The Federal Reserve raised interest rates earlier this week, marking the second time this year that the U.S. central bank has boosted borrowing costs. That move by the Fed has helped the PowerShares DB US Dollar Index Bullish Fund (NYSE:UUP), widely viewed as a dud this year among developed market currency exchange-traded funds, to a gain of more than 0.5 percent this week.
U.S. Dollar ETF: UUP
UUP is the ETF proxy on the U.S. Dollar Index, providing investors with exposure to the dollar's move against the euro, Japanese yen, British pound, Canadian dollar, Swedish krona and Swiss franc.
UUP is well off of its peak levels in terms of assets under management, and has not been helped by sizable outflows year-to-date of over $215 million, said Street One Financial in a note out Thursday. Since its inception back in 2007, we have seen the fund at or north of $1 billion at times, so the current participation in the product in terms of assets under management may demonstrate some hesitation in the U.S. Dollar, since the currency has given back all of the gains and then some that it registered immediately following Trumps election last November.
Within A Broader Context
Over the past month, investors have pulled $70.3 million from UUP, but UUP's bearish counterpart, the PowerShares DB US Dollar Index Bearish Fund (NYSE:UDN), has seen modest inflows over the same period. UDN is more than a decade old and has nearly $43 million in assets under management, nearly 10 percent of which has flowed into the fund over the past month.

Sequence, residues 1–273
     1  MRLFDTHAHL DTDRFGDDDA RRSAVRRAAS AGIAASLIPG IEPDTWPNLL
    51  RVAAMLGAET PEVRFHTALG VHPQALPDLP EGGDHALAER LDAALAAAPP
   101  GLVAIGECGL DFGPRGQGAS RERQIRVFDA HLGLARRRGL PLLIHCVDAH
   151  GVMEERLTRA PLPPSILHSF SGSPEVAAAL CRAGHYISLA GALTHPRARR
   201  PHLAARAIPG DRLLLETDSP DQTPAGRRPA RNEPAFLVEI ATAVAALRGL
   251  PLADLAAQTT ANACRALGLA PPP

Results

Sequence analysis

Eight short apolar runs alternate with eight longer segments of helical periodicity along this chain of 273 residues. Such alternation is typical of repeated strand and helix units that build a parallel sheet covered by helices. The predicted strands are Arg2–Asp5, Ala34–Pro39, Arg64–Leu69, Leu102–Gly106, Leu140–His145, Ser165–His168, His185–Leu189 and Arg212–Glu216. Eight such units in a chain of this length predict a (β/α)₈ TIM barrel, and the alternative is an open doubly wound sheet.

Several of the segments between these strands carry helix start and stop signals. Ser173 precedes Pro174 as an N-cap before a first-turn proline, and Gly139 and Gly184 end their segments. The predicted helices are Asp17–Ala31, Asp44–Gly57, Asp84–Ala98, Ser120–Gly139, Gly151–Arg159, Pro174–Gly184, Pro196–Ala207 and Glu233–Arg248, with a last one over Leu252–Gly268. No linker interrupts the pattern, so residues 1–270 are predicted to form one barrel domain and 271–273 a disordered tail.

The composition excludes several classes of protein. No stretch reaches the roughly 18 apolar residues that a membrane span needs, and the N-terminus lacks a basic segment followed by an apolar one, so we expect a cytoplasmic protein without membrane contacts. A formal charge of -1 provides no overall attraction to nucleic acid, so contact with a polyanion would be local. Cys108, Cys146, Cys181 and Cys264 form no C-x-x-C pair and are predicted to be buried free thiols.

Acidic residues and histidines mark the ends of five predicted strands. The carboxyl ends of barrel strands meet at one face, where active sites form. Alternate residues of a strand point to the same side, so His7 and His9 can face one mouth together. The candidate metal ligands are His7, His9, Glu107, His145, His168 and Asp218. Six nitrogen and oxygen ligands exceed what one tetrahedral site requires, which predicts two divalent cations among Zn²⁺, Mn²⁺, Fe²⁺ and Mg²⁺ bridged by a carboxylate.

Given the recent pressure outside of todays rally, it would not be surprising to see an uptick in interest in UDN for those investors whom may have turned bearish on the U.S. Dollar in the past several months, said Paul Weisbruch.
The Federal Open Market Committee's recent meeting minutes reveal 12 of 16 Fed governors are advocating for another rate hike this year, bringing the 2017 total to three, and the same number are in favor of three more rate hikes next year. That could bode well for UUP over the medium term.
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